Even more, your child’s identity may undergo frequent change. To cite myself, in a span of 4 years I have identified as a bisexual boy, a straight boy, a gay boy, a queer boy, and a genderqueer person. That’s a lot to keep up with! The key here is to withhold judgment or overt surprise if your child tells you something that doesn’t align with what you previously understood about them. This could either be a moment for a discussion, or simply an open and affirming acceptance that something has shifted.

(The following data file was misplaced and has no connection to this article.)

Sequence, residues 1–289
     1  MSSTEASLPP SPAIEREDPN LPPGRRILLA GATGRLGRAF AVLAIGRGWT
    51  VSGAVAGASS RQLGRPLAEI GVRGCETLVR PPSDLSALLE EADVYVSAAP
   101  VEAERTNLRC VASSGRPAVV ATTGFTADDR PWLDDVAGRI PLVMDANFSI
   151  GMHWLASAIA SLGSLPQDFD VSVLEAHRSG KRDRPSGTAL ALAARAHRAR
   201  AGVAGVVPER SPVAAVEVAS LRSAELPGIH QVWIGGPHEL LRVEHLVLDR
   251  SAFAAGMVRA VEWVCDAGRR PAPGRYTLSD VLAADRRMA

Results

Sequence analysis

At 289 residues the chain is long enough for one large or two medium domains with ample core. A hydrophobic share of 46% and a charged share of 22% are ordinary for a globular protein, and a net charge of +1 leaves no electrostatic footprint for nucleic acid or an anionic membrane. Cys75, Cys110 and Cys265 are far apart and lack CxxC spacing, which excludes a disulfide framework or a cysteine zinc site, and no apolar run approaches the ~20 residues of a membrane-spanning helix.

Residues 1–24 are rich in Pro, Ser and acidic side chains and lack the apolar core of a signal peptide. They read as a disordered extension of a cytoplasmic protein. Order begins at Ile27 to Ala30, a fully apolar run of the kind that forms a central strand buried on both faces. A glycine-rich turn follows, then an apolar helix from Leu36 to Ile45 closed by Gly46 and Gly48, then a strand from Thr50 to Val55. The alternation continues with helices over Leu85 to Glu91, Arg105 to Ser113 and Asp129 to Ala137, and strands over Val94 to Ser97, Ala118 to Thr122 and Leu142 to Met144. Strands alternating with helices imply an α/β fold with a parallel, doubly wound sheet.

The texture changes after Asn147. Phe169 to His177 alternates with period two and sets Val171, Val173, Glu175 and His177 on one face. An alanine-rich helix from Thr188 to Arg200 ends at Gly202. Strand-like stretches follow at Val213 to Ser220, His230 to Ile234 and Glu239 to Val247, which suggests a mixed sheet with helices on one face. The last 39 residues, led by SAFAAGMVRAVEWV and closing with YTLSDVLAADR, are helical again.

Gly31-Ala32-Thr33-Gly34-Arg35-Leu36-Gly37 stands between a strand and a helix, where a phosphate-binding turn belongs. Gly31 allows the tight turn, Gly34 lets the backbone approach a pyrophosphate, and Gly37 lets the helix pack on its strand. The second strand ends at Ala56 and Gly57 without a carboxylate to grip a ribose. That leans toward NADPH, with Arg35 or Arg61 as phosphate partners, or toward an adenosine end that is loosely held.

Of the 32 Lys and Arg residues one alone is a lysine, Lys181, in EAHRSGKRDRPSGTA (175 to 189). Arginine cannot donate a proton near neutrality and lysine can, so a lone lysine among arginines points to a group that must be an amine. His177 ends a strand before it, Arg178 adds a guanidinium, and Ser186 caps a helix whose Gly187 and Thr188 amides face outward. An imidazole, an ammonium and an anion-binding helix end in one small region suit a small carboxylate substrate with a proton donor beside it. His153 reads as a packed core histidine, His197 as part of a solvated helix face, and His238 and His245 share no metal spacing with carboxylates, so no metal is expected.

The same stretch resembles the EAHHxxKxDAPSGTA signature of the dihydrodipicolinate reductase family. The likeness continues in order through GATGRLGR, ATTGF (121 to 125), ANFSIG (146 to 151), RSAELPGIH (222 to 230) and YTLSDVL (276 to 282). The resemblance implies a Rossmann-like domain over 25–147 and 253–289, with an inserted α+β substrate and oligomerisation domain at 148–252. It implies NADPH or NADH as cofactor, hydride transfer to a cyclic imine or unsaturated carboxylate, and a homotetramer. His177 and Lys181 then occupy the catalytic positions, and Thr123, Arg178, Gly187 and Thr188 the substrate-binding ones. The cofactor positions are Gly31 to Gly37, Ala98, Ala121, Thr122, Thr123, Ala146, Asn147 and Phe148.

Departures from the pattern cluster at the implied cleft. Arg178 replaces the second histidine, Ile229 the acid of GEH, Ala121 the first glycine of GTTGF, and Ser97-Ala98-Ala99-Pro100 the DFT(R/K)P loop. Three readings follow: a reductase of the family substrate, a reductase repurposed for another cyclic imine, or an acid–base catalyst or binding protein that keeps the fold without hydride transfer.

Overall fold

With that said, I urge a lot of caution in asking about what exactly your child’s queer identity means to them. It’s very possible that we are feeling our way around a cacophonous mess that can’t be articulated and pressing us for an explanation becomes a frustrating demand. It’s also possible that it’s a difficult and uncomfortable topic to discuss with you–sometimes I refuse to even talk about my identity with friends–and that’s okay because why does anybody need to know all the details of my sexual and gender identities? What’s important is a developing a supportive sensitivity to our feelings. Sometimes, that means joining our unknowing. (I say “unknowing” instead of “confusion” because while yes, sometimes figuring out identity is like putting together a monochrome landscape puzzle with shape-morphing pieces, that word has been used against us to discredit our identities.)